Network Name and IP address. In the specific case of Node1, file share Eng1 relates to E:\Eng1.
This file share is known on the network as \\Fileserver1\Eng1 with an IP address of
172.18.1.99.
For cluster resources to function properly, two very important requirements should be adhered to:
•
Dependencies between resources of a group must be established. Dependencies determine
the order of startup when a group comes online. In the above case, the following order should
be maintained:
1. File Share—Dependent on Physical Disk Resource and Network Name
2. Network Name—Dependent on IP Address
Failure to indicate the dependencies of a resource properly may result in the file share
attempting to come online prior to the physical disk resource being available, resulting in a
failed file share.
•
Groups should have a Network Name resource and an IP Address resource. These resources
are used by the network to give each group a virtual name. Without this virtual reference to
the group, the only way to address a share that is created as a clustered resource is by node
name. Physical node names do not transition during a failover, whereas virtual names do.
For example, if a client maps a network share to \\Node1\Eng1 instead of
\\Fileserver1\Eng1, when Node1 fails and Node2 assumes ownership, the map will become
invalid because the reference in the map is to \\Node1. If the map were created to the virtual
name and Node1 were to fail, the map would still exist when the group associated with Eng1
failed over to Node2.
The previous diagram is an example and is not intended to imply limitations of a single group or
node. Groups can contain multiple physical disks resources and file shares and nodes can have
multiple groups, as shown by the group owned by Node2.
Cluster planning
Requirements for taking advantage of clustering include:
•
Storage planning
•
Network planning
•
Protocol planning
Storage planning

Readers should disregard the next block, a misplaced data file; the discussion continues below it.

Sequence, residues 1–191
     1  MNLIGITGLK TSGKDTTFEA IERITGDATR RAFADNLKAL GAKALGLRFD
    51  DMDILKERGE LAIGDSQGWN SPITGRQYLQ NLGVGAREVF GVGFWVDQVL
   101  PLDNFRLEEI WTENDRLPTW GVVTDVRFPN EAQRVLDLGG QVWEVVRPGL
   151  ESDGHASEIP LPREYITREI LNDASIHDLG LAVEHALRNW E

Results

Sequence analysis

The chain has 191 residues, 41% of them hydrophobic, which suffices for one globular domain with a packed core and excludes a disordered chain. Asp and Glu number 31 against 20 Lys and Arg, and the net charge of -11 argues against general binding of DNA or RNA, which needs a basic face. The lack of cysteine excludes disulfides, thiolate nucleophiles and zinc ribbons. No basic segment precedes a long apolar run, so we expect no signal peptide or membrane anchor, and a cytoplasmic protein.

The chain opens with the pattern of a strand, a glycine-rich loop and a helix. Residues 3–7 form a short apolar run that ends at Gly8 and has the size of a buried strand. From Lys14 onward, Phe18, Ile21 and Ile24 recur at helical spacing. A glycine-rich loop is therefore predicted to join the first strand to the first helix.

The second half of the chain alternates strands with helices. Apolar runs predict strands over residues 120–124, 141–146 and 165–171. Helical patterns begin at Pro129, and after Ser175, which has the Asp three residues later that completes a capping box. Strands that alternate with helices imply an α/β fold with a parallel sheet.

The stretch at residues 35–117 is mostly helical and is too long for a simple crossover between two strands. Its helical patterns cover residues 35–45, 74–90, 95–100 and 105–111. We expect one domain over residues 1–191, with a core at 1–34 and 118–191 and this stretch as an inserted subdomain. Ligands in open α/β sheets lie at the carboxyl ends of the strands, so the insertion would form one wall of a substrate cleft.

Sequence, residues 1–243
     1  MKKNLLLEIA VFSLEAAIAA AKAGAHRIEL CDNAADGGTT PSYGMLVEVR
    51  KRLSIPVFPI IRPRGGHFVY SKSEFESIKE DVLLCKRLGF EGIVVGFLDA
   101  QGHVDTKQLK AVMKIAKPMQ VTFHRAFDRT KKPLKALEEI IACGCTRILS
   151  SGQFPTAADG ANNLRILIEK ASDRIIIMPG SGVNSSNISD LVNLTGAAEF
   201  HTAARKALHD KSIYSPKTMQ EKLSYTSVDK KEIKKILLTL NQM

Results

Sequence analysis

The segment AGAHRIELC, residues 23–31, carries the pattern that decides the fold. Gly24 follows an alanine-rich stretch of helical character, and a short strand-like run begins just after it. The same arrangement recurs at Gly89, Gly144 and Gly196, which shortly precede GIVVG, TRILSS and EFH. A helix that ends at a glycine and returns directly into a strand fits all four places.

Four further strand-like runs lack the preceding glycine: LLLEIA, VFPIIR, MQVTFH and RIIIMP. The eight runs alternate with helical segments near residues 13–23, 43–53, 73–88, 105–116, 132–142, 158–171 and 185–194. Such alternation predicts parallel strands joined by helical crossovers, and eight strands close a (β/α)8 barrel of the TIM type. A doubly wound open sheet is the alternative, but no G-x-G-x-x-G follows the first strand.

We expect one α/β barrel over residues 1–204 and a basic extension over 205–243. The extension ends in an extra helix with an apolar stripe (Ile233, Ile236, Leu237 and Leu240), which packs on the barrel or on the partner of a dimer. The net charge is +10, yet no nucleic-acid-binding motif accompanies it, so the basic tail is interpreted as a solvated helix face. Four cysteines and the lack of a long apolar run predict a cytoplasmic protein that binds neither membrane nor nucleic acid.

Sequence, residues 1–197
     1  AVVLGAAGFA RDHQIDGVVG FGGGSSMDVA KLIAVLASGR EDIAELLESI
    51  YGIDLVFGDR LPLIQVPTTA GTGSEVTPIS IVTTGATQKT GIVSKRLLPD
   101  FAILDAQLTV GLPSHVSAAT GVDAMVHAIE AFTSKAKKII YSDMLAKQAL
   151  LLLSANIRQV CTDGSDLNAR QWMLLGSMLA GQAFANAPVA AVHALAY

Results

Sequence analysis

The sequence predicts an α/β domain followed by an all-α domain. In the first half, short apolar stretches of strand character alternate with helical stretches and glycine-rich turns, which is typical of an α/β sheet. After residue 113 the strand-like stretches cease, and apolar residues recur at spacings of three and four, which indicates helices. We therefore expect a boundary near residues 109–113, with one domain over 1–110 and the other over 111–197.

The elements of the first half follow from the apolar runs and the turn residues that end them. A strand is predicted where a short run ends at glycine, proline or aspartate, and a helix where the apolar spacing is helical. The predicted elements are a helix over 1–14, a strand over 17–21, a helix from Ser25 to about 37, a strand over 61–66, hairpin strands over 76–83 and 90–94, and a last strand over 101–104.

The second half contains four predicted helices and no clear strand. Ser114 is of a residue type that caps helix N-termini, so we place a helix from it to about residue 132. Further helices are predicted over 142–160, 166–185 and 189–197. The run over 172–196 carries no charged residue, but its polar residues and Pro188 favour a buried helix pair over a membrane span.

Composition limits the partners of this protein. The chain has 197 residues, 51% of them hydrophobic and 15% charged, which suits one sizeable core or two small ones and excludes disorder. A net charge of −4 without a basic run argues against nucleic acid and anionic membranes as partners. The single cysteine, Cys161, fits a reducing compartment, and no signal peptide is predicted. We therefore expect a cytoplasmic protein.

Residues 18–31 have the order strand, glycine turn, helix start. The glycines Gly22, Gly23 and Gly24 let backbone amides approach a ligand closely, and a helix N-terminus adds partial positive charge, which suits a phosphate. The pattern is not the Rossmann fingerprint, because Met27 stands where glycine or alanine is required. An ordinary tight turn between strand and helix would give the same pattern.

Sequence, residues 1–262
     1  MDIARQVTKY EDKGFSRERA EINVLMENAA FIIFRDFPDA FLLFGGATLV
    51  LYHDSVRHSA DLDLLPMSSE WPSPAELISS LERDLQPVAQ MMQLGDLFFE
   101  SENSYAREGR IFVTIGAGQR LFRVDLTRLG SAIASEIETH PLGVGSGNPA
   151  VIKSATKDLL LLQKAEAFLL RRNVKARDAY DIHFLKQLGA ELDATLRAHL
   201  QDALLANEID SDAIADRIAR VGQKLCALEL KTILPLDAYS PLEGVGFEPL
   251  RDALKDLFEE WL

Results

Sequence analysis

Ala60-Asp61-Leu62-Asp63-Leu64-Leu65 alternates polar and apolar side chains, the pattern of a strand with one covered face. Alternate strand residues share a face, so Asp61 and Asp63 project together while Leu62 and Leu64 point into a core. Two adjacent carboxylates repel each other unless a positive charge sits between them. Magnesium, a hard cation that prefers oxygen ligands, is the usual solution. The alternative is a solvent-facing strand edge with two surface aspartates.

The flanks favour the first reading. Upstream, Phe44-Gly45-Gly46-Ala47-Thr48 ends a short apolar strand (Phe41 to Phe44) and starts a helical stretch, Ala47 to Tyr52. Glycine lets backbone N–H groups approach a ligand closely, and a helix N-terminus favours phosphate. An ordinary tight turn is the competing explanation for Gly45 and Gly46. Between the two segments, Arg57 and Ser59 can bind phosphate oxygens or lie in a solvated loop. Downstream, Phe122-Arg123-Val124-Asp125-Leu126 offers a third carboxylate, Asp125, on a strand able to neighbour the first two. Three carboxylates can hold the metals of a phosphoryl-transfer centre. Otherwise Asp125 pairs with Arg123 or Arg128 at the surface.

For clustering, a basic disk must be designated for the cluster and configured as the Quorum disk.
Additional basic disks are presented to each cluster node for data storage as physical disk resources.
The physical disk resources are required for the basic disks to successfully work in a cluster
environment, protecting it from simultaneous access from each node.
The basic disk must be added as a physical disk resource to an existing cluster group or a new
cluster group needs to be created for the resource. Cluster groups can contain more than one
physical disk resource depending on the site-specific requirements.
60
Cluster administration
NOTE: The LUN underlying the basic disk should be presented to only one node of the cluster
using selective storage presentation or SAN zoning, or having only one node online at all times
until the physical resource for the basic disk is established.
In preparing for the cluster installation:
•
All shared disks, including the Quorum disk, must be accessible from all nodes. When testing
connectivity between the nodes and the LUN, only one node should be given access to the
LUN at a time.
•
All shared disks must be configured as basic (not dynamic).
•
All partitions on the disks must be formatted as NTFS.
Network planning
Clusters require more sophisticated networking arrangements than a stand alone storage system.
A Windows NT domain or Active Directory domain must be in place to contain the cluster names,
virtual server names, and user and group information. A cluster cannot be deployed into a non
domain environment.
All cluster deployments have at least six network addresses and four network names:
•
The cluster name (Unique NETBIOS Name) and IP address
•
Node A's name and IP address
•
Node B's name and IP address
•
At least one virtual server name and IP address for virtual server A
•
Cluster Interconnect static IP addresses for Node A and Node B
In multi-node deployments, additional network addresses are required. For each additional node,
three static IP addresses are required.
Virtual names and addresses are the only identification used by clients on the network. Because
the names and addresses are virtual, their ownership can transition from one node to the other
during a failover, preserving access to the resources in the cluster group.
A cluster uses at least two network connections on each node:
•
The private cluster interconnect or “heartbeat” crossover cable connects to one of the network